Philosophical problems and even methods themselves are contingent on the "problems" that the philosophers and the societies they come from suffer from or enjoy. This is why it took African philosopher Emmanuel Chukwudi Eze to reveal the racism in the celebrated Immanuel Kant's anthropological writings (which include prescriptions by the great Kant on how to whip your negro slaves) -- a problem that almost two centuries of white Kant scholarship had either ignored or deemed irrelevant (that is "unproblematic" in a philosophical sense). For us as Africans, this is very relevant and invites questions about Kant's very understanding of the human be-ing central to his moral philosophy.
The philosophising of white women has revealed that what has been called a Social Contract by the most important white male philosophers in the past two centuries is really a Sexual Contract between men to treat each other as equals and enjoy equal opportunity in the oppression of women. It took black philosopher Charles Mills, to point out that even white women enjoyed and continue to enjoy a greater degree of freedom and humanity in these polities than black and "non-white" people.
The argument of our panel was that the foundation of the most comprehensive philosophical problem of all, the problem of justice, is inscribed into the body of South Africa itself. South Africa shares an identity with its universities and the philosophy departments in them. It was brought into being by an act of British Parliament in a settlement between the English and Boers. South Africa, like its philosophy, has nothing to do with the indigenous peoples conquered in the unjust wars of colonisation.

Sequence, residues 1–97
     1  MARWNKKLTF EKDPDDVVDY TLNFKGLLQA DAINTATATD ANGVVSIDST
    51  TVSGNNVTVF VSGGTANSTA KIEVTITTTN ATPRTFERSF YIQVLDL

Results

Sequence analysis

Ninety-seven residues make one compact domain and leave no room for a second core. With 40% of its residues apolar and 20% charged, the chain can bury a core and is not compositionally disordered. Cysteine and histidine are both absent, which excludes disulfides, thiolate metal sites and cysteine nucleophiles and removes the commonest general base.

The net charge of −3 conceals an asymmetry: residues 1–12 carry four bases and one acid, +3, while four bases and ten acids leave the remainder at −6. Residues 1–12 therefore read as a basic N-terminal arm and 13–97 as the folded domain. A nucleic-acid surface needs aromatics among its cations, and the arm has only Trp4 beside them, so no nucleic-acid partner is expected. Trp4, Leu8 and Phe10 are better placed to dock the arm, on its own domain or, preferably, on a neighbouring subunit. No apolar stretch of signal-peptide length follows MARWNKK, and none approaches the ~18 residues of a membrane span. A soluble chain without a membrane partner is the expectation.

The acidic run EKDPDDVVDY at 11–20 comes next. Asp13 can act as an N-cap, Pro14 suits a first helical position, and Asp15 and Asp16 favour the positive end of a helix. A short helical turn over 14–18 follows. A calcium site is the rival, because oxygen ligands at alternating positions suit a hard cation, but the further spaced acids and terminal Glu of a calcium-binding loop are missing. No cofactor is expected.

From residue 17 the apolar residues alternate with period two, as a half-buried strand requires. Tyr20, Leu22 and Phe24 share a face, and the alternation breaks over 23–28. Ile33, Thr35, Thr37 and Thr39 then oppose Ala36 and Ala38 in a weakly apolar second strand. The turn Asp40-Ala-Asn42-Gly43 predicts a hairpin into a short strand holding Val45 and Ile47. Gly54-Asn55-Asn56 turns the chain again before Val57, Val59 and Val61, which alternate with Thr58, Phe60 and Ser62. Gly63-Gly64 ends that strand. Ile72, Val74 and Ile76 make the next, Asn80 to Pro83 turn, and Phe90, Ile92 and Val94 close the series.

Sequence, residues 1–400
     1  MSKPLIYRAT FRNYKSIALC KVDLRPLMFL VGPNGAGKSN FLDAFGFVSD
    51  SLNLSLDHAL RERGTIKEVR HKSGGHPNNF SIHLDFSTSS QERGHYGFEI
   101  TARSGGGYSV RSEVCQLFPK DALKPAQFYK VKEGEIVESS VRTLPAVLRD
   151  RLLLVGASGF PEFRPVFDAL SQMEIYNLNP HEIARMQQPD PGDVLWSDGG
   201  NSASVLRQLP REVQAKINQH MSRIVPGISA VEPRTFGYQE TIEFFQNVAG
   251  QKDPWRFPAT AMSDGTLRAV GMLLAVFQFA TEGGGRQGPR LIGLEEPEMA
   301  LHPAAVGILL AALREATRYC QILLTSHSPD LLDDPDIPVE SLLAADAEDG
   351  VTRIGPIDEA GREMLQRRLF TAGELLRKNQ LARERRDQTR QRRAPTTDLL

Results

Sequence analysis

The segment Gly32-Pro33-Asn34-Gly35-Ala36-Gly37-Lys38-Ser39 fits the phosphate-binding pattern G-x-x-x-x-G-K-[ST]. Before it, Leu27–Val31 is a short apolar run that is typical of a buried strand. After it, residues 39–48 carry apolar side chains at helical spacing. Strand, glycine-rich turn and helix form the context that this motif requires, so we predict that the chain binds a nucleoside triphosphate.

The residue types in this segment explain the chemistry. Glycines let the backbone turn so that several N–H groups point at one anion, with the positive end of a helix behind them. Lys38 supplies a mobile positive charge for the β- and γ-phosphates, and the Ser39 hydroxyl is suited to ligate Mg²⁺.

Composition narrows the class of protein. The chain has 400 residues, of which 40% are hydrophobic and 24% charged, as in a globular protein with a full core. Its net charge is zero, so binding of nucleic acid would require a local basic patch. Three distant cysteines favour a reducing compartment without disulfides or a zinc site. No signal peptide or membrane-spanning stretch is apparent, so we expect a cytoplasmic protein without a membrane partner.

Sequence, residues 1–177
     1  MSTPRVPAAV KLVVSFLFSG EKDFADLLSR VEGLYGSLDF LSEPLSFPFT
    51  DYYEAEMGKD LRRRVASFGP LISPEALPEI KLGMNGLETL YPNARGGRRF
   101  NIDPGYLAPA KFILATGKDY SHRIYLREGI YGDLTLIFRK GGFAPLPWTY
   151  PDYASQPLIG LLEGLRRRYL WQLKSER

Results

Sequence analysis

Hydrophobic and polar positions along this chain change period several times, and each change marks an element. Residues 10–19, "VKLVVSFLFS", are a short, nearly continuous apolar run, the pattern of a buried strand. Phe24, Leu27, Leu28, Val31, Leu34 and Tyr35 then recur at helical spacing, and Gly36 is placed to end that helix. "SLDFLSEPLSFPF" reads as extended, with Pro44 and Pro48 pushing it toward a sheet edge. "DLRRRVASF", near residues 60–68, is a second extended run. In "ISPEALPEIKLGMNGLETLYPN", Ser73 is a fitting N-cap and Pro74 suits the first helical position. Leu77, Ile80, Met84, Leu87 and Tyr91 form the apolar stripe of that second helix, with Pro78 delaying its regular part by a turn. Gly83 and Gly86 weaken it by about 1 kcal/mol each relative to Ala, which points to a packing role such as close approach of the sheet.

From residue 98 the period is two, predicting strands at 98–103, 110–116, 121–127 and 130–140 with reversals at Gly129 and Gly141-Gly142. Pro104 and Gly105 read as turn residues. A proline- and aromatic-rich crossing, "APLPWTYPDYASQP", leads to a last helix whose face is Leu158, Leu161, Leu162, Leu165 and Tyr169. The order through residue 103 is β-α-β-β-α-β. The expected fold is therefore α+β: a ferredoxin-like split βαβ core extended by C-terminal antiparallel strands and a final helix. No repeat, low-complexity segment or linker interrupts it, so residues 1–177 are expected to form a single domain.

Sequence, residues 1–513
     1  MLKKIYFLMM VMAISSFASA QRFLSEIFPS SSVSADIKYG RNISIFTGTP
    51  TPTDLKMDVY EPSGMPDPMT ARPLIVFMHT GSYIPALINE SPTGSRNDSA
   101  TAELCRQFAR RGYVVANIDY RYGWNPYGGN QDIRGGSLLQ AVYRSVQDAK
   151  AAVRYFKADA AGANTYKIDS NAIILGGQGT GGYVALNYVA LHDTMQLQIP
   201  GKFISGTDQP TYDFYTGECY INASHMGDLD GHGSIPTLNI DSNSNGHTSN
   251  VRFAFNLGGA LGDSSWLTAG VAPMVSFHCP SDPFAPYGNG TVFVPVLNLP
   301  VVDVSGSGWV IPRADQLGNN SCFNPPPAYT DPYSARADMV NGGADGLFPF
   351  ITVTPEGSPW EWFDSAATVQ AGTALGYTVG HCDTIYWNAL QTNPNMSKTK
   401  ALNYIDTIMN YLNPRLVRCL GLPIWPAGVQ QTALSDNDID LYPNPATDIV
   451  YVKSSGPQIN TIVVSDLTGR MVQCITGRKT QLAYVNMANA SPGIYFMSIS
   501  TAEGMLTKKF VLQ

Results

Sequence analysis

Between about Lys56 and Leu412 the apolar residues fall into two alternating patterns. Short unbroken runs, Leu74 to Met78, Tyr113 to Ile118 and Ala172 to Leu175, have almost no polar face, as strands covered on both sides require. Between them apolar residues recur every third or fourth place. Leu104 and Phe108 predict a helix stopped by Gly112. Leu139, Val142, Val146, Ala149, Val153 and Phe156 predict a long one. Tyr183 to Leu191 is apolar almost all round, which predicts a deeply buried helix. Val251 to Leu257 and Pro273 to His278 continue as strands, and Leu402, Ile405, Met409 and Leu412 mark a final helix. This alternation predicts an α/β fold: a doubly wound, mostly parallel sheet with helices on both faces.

We identified the premier philosophical problem of SA as the outstanding return of title to territory and the restoration of an unencumbered sovereignty to the indigenous conquered people. This why people continue to speak of black/African areas, African clothes, African food, African Studies and African philosophy in South Africa.
This prefix "African", far than expressing a mere specification of identity, reveals precisely the question of outstanding sovereignty. It reveals that the default and predominant identity in South Africa; whether in urban geography, fashion, language, culture or philosophy; is European. Anyone who doubts this only needs to consider the widespread commitment to ignorance of white South Africa after multiple centuries of presence of our languages and cultures. This too while they spend hundreds of thousands teaching and learning Greek, German, Portuguese, Italian and other languages of the places their forebears came from.
We took the decision to stop participating in our own oppression, to stop volunteering our bodies as fodder in the "new" South African game of brandishing blacks as a show of inclusivity. We do not wish to be included. The point about philosophy being at base about questioning leads to another point: questions are always asked in a language and a voice (even a mental one). The colonial conquest of Africans means precisely that our voice has been silenced and its language quarantined to the realm of the immaterial. We will restore the sovereignty of African philosophy and then of our land.
African philosophy cannot be reduced to a mere option on the menu of assortments on the table in this land, but must be the very basis through which engagement with all other traditions and problems unfold. All those philosophers who recognise the truth and justice of our call are welcome to join us at our table.